- The first step, characterized by the eco-ethnological data which constitute the context of the appearance of the testimonies:in order to confront the data furnished by the witnesses and those offered by the natural environment with a view to verifying or refuting the prima facie credibility of the existence of hominids.
- The second step, the definition of a protocol for collecting testimonies involving the matrix of several variables:
- the validity of the witnesses:Two types of informants were retained: the direct observer, who claimed to have observed one of these beings himself, and the direct informer, who gained his information from a direct observer.No testimony obtained by money, or coming from a source more distant than the direct observer was retained.
- the direct transmission of testimonies to the enquirers:The collection was effected directly in the language of the witness (Khowar or Chitrali) in order to avoid all the deformations inherent in the use of a translator.
- The systematisation of the testimonies:
- Basic information concerning the observation:
- observer: name, age, ethnicity, occupation
- observation: local name, environment, altitude, date, hour
- distance and duration of the observation
- what was observed: indices of the animal's presence, or individual(s), sex, age, height
- The witness's spontaneous account repeated several times, without intervention by the enquirer.
- The responses to a questionnaire comprising 63 points relative to the external appearance of the observed beings, and constructed from the characteristics evoked by Dr. Heuvelmans.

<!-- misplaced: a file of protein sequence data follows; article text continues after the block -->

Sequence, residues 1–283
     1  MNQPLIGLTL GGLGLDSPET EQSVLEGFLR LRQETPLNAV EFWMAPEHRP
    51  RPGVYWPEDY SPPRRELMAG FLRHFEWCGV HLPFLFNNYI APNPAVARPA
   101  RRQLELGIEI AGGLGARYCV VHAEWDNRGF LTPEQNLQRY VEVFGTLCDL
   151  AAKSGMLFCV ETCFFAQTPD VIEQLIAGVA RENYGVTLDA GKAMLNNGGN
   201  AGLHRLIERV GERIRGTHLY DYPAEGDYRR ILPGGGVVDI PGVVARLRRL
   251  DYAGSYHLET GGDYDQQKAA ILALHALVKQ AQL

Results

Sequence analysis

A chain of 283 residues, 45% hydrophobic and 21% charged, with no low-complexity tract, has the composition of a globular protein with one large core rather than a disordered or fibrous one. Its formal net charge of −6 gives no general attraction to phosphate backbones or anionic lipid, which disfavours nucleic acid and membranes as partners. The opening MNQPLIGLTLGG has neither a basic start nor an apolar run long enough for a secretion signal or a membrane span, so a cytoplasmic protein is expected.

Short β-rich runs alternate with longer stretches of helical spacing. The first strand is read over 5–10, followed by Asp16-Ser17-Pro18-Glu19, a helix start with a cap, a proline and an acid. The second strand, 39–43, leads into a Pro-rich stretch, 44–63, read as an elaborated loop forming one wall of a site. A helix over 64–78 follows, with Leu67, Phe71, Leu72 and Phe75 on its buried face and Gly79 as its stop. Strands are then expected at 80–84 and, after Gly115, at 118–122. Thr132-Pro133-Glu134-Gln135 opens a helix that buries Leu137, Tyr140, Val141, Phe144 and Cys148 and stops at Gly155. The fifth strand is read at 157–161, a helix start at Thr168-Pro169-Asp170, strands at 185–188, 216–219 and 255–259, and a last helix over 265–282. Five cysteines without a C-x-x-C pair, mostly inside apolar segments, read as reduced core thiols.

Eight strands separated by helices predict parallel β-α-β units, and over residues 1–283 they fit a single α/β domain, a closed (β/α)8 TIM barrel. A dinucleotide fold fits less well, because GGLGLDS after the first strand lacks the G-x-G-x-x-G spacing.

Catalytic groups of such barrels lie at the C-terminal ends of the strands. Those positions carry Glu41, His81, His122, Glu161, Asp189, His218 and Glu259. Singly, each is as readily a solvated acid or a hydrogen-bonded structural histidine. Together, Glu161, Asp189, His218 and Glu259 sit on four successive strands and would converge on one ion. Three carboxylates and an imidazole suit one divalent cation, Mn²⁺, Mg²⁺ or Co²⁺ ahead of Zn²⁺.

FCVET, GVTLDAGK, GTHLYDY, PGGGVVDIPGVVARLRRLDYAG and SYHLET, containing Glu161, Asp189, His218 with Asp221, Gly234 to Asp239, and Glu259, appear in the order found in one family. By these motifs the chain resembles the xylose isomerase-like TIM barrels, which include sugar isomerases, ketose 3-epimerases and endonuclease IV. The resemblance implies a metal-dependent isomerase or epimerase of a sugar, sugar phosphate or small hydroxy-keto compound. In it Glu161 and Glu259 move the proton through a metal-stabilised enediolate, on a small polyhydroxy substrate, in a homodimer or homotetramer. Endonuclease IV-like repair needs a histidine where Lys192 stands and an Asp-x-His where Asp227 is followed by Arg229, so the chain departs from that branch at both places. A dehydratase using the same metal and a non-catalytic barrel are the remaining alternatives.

- An initial identikit picture produced from the responses and indications given by the witness without intervention by the enquirer.
- The iconographic indicators comprising different species of present day primates (Homo sapiens, great apes, local Macaca mullata), bears, reconstructions of fossil hominids and primates, as well as three representations of wild hairy men (in the broad sense), from the description described by Dr. Heuvelmans.
- A definitive portrait executed from the iconographic indications chosen by the witness.
- coherence and credibility of the spontaneous descriptions and iconographic representations at the heart of the same testimony
- coherence and credibility of the testimonies as a whole.
- the Chitralis (the majority): sedentary and living in villages in the valley floors.
- the Gujars: nomadic shepherds situated at the bottom of the social ladder, but occupying the high country.
- Jangali Mosh among the Chitralis, which means “forest man” or “wild man”. [Jangal = our word, “jungle”, and is the ordinary term in this area for wilderness, whether forest or desert.]
- Almasti more rarely. [In his other article, he defines this as “one who eats a lot”, but you will remember from a previous post that this is also used in the Caucasus.]
- Barmanu constitutes the most widespread name in the south. It means “robust”, “muscled”. Etymologically close to the spoken Hindi ban manus (ban manush) meaning “forest man”, it was perhaps introduced by the Gujars.
|Left: relic hominid of Chitral|
Right: Heuvelmans' specimen
Click here for Part 2, to read about specific eye-witness accounts.